A bright future might help teens steer clear of violence

July 2, 2018

(HealthDay)—Offer teens the possibility of a good future, and you might help them become more peaceful people.

The finding stems from a survey of 866 male teens in poor Pittsburgh neighborhoods who were asked their thoughts about the future.

Those with a positive outlook were less likely to say that they'd threatened someone or injured someone with a weapon in the past nine months.

"Designing youth prevention interventions to help teens develop a positive future may be an important part of reducing violence perpetration," said study author Dr. Alison Culyba.

She is a pediatrician in the division of adolescent and young adult medicine at Children's Hospital of Pittsburgh of UPMC (University of Pittsburgh Medical Center).

"Identifying factors that protect youth from violence is important because these factors can potentially be addressed through interventions. The findings suggest that promoting positive future orientation may be important in helping to protect teens in under-resourced urban neighborhoods," Culyba said in a hospital news release.

She said she's seen "countless instances when teens' thoughts and beliefs about the future have inspired them to achieve incredible goals, and these experiences motivated my desire to study whether future orientation also may protect from being involved in violence.

"By recognizing the strengths of young people and figuring out how to build upon those strengths, we can help teens move toward a more positive and peaceful ," she recommended.

The study was published July 2 in the journal JAMA Pediatrics.

Explore further: Teens' painkiller misuse linked to dating violence

More information: The American Psychological Association outlines the warning signs of teen violence.

Related Stories

Teens' painkiller misuse linked to dating violence

November 20, 2017
(HealthDay)—Teens who abuse prescription drugs, like opioid painkillers, are prone to initiating or being victims of dating violence, a new study finds.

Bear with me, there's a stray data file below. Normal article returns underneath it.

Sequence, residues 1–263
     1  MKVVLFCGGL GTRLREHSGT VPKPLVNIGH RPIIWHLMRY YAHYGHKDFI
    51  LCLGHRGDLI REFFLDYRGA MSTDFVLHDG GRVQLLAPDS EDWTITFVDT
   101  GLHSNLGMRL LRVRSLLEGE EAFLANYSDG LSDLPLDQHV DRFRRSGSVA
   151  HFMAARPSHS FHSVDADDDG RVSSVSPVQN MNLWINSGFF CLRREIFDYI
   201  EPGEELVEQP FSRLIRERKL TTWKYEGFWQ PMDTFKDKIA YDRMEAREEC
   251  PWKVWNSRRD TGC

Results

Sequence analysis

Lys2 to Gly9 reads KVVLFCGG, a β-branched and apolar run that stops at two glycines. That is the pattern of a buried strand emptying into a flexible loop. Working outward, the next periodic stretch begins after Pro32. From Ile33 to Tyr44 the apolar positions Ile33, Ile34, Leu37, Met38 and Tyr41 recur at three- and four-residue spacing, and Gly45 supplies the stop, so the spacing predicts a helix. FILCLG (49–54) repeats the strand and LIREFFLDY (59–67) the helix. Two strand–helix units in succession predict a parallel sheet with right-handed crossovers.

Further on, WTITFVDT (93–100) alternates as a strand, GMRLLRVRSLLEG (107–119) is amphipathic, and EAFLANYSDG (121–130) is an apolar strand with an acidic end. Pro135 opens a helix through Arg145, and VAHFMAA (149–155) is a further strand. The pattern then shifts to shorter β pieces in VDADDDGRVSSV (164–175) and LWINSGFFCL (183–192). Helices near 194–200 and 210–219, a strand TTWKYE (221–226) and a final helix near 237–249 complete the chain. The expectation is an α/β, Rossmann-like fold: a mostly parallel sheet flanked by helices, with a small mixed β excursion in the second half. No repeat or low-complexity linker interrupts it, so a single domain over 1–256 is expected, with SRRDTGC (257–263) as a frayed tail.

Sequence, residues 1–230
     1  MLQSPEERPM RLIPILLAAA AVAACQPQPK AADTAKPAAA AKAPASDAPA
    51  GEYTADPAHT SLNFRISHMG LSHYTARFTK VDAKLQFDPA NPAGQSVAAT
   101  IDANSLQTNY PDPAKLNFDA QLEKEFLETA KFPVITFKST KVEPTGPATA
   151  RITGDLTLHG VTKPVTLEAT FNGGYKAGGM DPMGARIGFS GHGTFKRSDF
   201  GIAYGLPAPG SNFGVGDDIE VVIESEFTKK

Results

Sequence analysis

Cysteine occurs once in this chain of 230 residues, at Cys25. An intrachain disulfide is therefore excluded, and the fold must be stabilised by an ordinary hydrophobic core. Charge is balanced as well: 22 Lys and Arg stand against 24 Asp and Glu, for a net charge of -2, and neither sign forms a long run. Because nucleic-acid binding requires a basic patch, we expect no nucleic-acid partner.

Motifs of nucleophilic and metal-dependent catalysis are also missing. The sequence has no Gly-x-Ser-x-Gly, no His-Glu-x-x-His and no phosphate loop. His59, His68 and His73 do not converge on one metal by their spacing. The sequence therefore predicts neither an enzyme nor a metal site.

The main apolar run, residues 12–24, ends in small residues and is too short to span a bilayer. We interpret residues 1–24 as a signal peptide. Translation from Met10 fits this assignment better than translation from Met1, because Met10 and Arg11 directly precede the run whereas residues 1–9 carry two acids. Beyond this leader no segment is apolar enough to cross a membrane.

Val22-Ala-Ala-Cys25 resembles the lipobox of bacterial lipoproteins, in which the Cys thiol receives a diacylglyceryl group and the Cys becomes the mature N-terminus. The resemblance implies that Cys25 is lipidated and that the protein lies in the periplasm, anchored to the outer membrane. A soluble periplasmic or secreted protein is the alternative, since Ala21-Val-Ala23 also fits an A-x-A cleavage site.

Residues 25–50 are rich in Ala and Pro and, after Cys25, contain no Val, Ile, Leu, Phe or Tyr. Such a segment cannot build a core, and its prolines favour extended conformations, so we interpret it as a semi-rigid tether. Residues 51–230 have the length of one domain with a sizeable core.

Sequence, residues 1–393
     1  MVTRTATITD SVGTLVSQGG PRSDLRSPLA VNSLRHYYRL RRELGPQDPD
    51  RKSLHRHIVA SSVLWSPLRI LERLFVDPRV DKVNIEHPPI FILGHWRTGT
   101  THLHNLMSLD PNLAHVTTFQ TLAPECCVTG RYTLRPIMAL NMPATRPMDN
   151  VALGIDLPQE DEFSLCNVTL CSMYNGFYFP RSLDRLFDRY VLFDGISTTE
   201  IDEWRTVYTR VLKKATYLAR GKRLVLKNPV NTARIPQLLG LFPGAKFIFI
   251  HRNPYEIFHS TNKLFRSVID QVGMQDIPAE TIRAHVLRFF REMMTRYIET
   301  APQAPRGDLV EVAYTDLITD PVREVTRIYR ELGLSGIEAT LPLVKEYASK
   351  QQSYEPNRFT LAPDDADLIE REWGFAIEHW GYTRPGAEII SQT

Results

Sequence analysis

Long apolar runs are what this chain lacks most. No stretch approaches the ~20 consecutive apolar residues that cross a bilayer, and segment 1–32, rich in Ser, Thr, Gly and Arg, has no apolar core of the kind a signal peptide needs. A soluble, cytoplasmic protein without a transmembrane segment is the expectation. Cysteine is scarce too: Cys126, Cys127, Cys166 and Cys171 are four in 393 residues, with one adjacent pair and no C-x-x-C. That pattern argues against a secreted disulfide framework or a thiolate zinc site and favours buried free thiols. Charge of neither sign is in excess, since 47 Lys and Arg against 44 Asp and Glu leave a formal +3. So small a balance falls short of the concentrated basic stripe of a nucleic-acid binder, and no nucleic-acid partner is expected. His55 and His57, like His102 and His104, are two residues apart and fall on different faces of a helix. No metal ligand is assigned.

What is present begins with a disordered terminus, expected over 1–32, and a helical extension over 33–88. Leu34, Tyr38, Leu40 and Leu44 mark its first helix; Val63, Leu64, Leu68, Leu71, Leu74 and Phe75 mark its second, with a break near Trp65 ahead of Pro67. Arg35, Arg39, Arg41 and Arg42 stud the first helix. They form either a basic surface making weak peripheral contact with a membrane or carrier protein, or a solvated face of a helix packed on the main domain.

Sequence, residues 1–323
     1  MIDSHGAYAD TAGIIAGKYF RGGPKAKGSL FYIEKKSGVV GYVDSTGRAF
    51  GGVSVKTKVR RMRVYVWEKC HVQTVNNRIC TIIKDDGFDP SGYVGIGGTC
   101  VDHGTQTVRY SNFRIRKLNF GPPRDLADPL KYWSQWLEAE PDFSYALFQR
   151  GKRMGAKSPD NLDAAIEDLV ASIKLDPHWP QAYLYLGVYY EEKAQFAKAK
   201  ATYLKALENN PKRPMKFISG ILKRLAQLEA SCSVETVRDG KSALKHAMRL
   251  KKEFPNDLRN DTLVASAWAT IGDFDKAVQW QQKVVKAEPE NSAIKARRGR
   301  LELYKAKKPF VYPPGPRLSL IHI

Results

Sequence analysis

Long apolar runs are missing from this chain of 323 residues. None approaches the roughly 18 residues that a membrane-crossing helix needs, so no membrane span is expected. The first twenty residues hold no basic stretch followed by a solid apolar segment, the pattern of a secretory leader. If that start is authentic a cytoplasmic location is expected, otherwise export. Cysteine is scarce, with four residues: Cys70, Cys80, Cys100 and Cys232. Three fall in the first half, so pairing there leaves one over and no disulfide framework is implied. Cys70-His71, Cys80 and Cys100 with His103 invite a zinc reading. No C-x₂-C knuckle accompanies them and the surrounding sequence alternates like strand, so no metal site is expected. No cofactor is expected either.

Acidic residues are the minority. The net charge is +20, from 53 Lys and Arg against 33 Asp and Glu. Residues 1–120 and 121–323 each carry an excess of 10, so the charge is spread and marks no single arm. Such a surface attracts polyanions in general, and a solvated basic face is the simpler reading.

Gay male teens use adult hookup apps to find friends, partners

May 18, 2018
Although hookup apps require users to be 18 or older, a new Northwestern Medicine study found that more than 50 percent of sexually active gay and bisexual boys ages 14 to 17 met male sexual partners on apps such as Grindr ...

Teens and domestic violence

October 5, 2017
October is recognized as Domestic Violence Awareness month, and although domestic violence is mostly associated with adults, an expert at Baylor College of Medicine says teens too often experience this type of abuse.

We are family: Adult support reduces youths' risk of violence exposure

April 26, 2015
Adults can have a bigger influence on youths growing up in poor, violent neighborhoods than they may realize, according to a study to be presented Sunday, April 26 at the Pediatric Academic Societies (PAS) annual meeting ...

Community-level violence linked to teens' risky sexual behavior

January 26, 2016
Teens' experiences with violence—either through fear of violence, observing violent events, or being victims of violence themselves—are associated with how likely they are to have sex and use condoms, new research from ...

Job opportunities, after-school activities, cleaner city top urban teens' priorities

October 23, 2015
When researchers in New Haven, Conn., asked teens to identify solutions to reduce violence in their community, the adolescents had clear recommendations: better employment opportunities, more after-school activities and a ...

Recommended for you

Digital media use linked to behavioral problems in kids

July 17, 2018
Are children who spend lots of time using digital devices prone to psychiatric problems? A team of USC scientists says yes in a new study that appears today in the Journal of the American Medical Association.

Childhood abuse linked to greater risk of endometriosis, study finds

July 17, 2018
Endometriosis, a painful condition that affects one in 10 reproductive-age women in the U.S., has been linked to childhood physical and sexual abuse, according to findings published today in the journal Human Reproduction.

Opioids given too easily to children: study

July 16, 2018
(HealthDay)—Many children are prescribed powerful opioid painkillers they don't really need, putting them and those around them at risk, a new study shows.

Self-control and obesity: Gender matters in children

July 16, 2018
A toddler's self-regulation—the ability to change behavior in different social situations—may predict whether he or she will be obese come kindergarten, but the connection appears to be much different for girls than for ...

Footwear habits influence child and adolescent motor skill development

July 11, 2018
New research finds that children and adolescents who spend most of their time barefoot develop motor skills differently from those who habitually wear shoes. Published in Frontiers in Pediatrics, this is the first study to ...

Parents who had severe trauma, stresses in childhood more likely to have kids with behavioral health problems

July 9, 2018
A new study finds that severe childhood trauma and stresses early in parents' lives are linked to higher rates of behavioral health problems in their own children.

0 comments

Please sign in to add a comment. Registration is free, and takes less than a minute. Read more

Click here to reset your password.
Sign in to get notified via email when new comments are made.